And for comparative purposes, here is a useful discussion of prisoner rights in the context of constitutional jurisprudence, Rejecting “Uncontrolled Authority over the Body”: The Decencies of Civilized Conduct, the Past and the Future of Unenumerated Rights, by Seth F. Kreimer, University of Pennsylvania (2007).
6. See e.g., Katz v. United States, 389 U.S. 347 (1967) (establishing test for reasonable expectation of privacy in public places); Martin v. Waddell, 41 U.S. 16 (1842) (seminal case upholding the doctrine of the public trust); C. Kormos, Handbook on International Wilderness Law; University of Montana Wilderness Institute (2008).
7. Natural Law – According to the bible, our natural rights and abilities are both given and taken by our heavenly Father. Those who trample natural rights and abilities therefore run the risk of divine judgment. And for those who prefer a secular justification, as described in detail by University of Chicago Law Professor Richard Epstein, natural law is not an intellectual fiction. Rather, it has provided a material and moral basis of actual civil and criminal law throughout history, which is today extensively represented in the modern jurisprudence of America and abroad. Epstein further explains that natural law derives its origin not from laws floating in nature, but rather to established natural experiences of humans over time, such as the need for food, shelter, and justice.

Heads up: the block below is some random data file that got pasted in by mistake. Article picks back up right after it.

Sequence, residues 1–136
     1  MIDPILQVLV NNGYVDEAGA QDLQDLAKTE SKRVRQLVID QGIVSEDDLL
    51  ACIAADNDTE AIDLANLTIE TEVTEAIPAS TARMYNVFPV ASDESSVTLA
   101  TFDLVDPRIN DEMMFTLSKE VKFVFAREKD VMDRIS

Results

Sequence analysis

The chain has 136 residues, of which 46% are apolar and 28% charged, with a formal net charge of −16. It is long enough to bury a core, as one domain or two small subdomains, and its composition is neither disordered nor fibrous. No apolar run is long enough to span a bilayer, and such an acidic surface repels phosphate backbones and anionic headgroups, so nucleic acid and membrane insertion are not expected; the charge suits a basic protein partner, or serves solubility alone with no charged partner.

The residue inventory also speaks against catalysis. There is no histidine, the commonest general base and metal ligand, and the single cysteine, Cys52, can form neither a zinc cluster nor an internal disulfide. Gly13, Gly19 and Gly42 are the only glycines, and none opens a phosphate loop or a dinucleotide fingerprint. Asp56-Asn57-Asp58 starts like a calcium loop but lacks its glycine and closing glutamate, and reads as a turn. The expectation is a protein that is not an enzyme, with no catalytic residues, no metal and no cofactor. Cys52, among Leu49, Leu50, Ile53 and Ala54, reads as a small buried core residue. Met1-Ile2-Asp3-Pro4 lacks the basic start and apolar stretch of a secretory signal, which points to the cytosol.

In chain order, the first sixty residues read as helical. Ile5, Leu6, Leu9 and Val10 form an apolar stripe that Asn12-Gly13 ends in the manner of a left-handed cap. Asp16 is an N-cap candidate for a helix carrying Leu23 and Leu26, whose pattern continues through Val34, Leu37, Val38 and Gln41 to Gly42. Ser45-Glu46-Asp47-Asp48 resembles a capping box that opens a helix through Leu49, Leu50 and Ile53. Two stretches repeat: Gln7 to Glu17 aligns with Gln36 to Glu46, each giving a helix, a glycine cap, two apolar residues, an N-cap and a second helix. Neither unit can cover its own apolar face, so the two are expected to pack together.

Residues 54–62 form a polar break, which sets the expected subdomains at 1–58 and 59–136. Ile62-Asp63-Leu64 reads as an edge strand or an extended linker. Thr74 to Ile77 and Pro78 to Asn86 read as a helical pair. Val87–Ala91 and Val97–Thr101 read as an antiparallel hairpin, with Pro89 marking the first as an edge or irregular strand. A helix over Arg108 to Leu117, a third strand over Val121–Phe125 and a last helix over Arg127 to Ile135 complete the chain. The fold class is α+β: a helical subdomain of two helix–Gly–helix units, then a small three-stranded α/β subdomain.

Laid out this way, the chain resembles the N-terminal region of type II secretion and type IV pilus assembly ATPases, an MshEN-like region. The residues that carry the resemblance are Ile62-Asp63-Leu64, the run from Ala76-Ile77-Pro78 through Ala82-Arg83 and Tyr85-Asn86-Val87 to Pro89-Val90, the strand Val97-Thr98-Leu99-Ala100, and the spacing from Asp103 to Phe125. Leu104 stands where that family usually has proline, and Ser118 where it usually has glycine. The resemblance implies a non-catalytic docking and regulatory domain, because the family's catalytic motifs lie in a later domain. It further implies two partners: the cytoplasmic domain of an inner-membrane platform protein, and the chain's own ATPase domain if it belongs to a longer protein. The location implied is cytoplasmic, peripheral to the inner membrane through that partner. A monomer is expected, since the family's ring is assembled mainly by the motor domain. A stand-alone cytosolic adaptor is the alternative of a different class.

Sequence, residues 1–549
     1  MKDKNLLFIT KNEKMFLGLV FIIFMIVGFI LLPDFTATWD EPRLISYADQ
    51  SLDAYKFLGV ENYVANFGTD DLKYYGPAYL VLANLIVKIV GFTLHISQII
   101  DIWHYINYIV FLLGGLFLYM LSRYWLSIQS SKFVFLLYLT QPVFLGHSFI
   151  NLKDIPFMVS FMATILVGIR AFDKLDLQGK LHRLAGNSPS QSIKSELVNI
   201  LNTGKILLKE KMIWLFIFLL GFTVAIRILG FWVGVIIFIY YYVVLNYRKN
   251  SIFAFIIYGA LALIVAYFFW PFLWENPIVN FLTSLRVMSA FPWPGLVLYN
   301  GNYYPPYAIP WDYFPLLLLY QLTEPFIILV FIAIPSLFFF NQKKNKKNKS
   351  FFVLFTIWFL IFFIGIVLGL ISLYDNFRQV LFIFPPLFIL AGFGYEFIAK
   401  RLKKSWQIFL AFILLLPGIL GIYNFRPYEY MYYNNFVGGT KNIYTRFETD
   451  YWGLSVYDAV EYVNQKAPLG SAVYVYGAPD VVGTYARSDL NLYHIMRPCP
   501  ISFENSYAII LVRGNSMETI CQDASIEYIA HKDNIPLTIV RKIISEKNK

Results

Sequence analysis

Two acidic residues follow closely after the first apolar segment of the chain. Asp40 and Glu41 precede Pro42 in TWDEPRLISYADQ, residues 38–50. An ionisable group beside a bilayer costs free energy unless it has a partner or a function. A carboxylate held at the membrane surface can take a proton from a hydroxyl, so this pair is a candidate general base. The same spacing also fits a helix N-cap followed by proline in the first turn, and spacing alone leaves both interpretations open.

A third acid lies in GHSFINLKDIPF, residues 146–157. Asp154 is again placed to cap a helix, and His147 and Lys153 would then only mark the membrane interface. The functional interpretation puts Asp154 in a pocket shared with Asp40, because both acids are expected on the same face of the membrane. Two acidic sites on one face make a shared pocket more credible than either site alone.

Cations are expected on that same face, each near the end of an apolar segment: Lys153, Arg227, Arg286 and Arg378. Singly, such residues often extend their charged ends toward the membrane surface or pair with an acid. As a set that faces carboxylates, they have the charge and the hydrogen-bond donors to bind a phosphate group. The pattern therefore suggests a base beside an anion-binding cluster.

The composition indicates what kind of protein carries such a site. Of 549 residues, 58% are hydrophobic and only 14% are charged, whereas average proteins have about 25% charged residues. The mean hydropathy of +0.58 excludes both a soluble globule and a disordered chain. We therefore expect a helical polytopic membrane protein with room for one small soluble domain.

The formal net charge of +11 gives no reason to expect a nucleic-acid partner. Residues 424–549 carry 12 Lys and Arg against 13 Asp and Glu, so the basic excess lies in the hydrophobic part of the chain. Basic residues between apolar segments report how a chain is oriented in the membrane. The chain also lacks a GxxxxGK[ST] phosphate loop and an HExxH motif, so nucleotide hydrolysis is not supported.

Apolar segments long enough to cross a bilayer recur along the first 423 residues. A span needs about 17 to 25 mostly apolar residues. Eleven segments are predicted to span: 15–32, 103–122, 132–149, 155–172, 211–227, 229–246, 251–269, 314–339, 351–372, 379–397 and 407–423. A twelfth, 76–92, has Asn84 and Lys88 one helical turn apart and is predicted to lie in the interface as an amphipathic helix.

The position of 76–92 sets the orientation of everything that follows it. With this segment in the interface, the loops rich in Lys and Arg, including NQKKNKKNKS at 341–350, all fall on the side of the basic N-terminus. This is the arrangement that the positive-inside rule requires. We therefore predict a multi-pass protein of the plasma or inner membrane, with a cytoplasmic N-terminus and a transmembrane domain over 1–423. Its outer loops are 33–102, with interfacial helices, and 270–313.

See Principles for a Free Society, by Richard A. Epstein (1998); Natural Law and Natural Rights, by John Finnis (1980); Jacobson v. Masschusetts, 197 U.S. 11, 29 (1905) (“There is, of course, a sphere within which the individual may assert the supremacy of his own will, and rightfully dispute the authority of any human government, especially of any free government existing under a written constitution, to interfere with the exercise of that will.”); Poe v. Ullman, 367 U.S. 497 (1961); Powell v. Pennsylvania, 127 U.S. 678 (1888); U.S. v. Cruikshank, 92 U.S. 542 (1875); Magna Carta (1215); Const. of the World Health Organization, 62 Stat. 2679, 14 U.N.T.S. 185, 186 (entered into force Apr. 7, 1948) (“The enjoyment of the highest attainable standard of health is one of the fundamental rights of every human being.”); U.S. Constitution, Amendment IX, “The enumeration in the Constitution, of certain rights, shall not be construed to deny or disparage others retained by the people.”